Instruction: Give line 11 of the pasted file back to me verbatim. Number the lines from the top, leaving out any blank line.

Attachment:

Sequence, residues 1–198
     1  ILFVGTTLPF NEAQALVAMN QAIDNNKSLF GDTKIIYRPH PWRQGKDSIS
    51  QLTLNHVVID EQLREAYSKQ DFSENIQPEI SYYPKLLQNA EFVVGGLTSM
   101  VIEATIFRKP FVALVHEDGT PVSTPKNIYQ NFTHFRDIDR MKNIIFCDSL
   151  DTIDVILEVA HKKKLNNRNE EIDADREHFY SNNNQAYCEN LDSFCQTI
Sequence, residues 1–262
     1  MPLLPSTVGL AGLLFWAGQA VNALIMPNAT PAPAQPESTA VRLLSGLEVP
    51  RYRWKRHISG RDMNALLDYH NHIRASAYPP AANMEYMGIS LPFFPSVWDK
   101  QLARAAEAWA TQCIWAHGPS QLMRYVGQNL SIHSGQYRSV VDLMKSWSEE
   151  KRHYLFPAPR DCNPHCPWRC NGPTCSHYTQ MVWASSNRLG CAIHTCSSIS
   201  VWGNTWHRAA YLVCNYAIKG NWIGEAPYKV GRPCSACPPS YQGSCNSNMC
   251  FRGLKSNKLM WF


   201  VWGNTWHRAA YLVCNYAIKG NWIGEAPYKV GRPCSACPPS YQGSCNSNMC